Ruling Is a Victory for Supporters of Free Software

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Ruling Is a Victory for Supporters of Free Software

New York Times (08/14/08) P. C7; Markoff, John

In a major victory for the open source software movement, the federal appeals court in Washington, D.C., has ruled that simply because a software programmer may give his work away for free does not mean that the software cannot be protected. The decision legitimizes the use of commercial contracts for the distribution of computer software and digital artistic works for the public good. The ruling also boosts the open source movement by easing the concerns of large organizations about relying on free software from developers who contributed to the effort without pay. The ruling will also have implications for the Creative Common license, which is used by organizations such as Wikipedia and the Massachusetts Institute of Technology for distributing courseware and other materials. Creative Commons CEO Joichi Ito says the ambiguity facing open source licensing has been one of the obstacles hindering the movement. The appeals court decision reversed a San Francisco federal court ruling over the misappropriation of a software program by Kam Industries, a company that publishes model train hobbyist software. Kam Industries owner Matthew A. Katzer had sued free software developers for patent infringement while the free software community argued that Katzer failed to disclose earlier technology, or prior art, in his patent filings. In March 2006, University of California, Berkeley professor Robert G. Jacobsen filed a lawsuit against Katzer claiming that his company was distributing a commercial software program that used code from the Java Model Railroad Interface project, and was redistributing the program without the credits required as part of the open source license it was originally distributed under. The lower court ruled that the terms of the open source contract were overly broad.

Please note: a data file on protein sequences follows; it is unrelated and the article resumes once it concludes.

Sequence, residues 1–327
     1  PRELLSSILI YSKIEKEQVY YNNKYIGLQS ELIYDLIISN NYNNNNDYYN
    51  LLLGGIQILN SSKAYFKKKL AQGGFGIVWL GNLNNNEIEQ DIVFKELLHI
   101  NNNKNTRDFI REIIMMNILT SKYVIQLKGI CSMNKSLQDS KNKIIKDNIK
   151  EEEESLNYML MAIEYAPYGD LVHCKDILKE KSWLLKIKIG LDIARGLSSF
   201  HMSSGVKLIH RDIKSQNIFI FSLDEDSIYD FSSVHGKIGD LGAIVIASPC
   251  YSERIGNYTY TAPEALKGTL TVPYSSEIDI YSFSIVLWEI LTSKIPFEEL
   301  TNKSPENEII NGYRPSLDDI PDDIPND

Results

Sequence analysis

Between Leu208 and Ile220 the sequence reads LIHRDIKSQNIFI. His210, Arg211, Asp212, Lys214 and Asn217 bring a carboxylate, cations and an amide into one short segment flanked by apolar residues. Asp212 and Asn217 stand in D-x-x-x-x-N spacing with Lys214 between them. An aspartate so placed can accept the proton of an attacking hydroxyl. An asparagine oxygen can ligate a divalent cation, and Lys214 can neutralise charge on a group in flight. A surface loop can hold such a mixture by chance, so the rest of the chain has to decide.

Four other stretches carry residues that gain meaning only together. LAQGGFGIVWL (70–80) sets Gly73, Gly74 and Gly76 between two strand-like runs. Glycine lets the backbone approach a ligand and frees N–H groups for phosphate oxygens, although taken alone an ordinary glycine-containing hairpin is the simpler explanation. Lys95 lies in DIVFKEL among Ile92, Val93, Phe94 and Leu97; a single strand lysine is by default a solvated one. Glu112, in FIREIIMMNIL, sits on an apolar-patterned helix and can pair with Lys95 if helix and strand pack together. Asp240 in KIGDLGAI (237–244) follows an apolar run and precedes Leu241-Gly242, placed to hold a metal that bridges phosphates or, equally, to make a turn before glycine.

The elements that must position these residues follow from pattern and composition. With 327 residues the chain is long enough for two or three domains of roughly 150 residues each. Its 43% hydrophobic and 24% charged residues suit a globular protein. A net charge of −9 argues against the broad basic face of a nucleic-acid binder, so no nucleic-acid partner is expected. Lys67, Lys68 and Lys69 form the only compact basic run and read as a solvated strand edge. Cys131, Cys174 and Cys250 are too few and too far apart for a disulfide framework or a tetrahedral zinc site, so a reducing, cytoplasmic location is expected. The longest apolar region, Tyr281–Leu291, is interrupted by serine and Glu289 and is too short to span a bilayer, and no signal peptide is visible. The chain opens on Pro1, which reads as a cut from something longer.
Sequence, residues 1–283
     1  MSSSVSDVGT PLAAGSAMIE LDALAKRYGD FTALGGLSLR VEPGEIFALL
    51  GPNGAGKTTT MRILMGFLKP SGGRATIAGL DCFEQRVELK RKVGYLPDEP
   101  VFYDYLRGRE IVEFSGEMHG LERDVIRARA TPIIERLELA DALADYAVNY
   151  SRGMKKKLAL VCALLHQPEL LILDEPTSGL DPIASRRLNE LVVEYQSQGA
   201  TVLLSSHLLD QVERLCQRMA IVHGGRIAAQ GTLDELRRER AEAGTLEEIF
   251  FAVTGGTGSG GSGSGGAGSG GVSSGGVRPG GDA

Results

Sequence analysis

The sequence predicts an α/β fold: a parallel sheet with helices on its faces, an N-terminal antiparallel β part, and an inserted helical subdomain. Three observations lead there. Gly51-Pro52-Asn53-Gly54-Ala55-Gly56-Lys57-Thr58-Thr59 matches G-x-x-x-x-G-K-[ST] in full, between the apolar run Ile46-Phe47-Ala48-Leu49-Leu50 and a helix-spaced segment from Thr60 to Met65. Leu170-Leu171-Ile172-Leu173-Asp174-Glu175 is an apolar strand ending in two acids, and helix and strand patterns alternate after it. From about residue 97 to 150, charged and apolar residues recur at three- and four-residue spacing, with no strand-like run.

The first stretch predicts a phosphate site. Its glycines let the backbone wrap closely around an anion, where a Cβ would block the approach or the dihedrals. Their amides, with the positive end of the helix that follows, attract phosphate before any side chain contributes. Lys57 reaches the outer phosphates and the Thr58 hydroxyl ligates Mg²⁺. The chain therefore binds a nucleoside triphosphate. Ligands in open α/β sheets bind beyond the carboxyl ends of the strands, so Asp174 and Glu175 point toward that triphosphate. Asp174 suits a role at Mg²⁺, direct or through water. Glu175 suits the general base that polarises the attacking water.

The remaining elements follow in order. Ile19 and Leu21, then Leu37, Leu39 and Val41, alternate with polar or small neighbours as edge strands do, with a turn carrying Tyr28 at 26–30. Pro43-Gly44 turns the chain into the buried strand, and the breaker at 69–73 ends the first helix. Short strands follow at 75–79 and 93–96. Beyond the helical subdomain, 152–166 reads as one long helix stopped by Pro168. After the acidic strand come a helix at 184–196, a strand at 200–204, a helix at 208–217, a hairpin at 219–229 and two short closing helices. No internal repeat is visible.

It makes sense that software developers who release their work as free (or open source) software retain the copyright to it and can file infringement.

Most of the free software licenses (and even some creative commons versions) require, mainly, that credit be given to the original author, right? If someone is doing the good to work on something and then release it to the world for zero price, there shouldn't be a problem with giving credit where it's due!

If you don't like to leave an attribution in the work, do it yourself! That's what I do when I come across something that I need and it has a huge link to the original author's site when I don't want that - I make the thing myself, or give credit. Isn't that just the right thing to do?

Anyway, this ruling will only help the free software movement and encourage people to share their work more freely - and that's a good thing! :D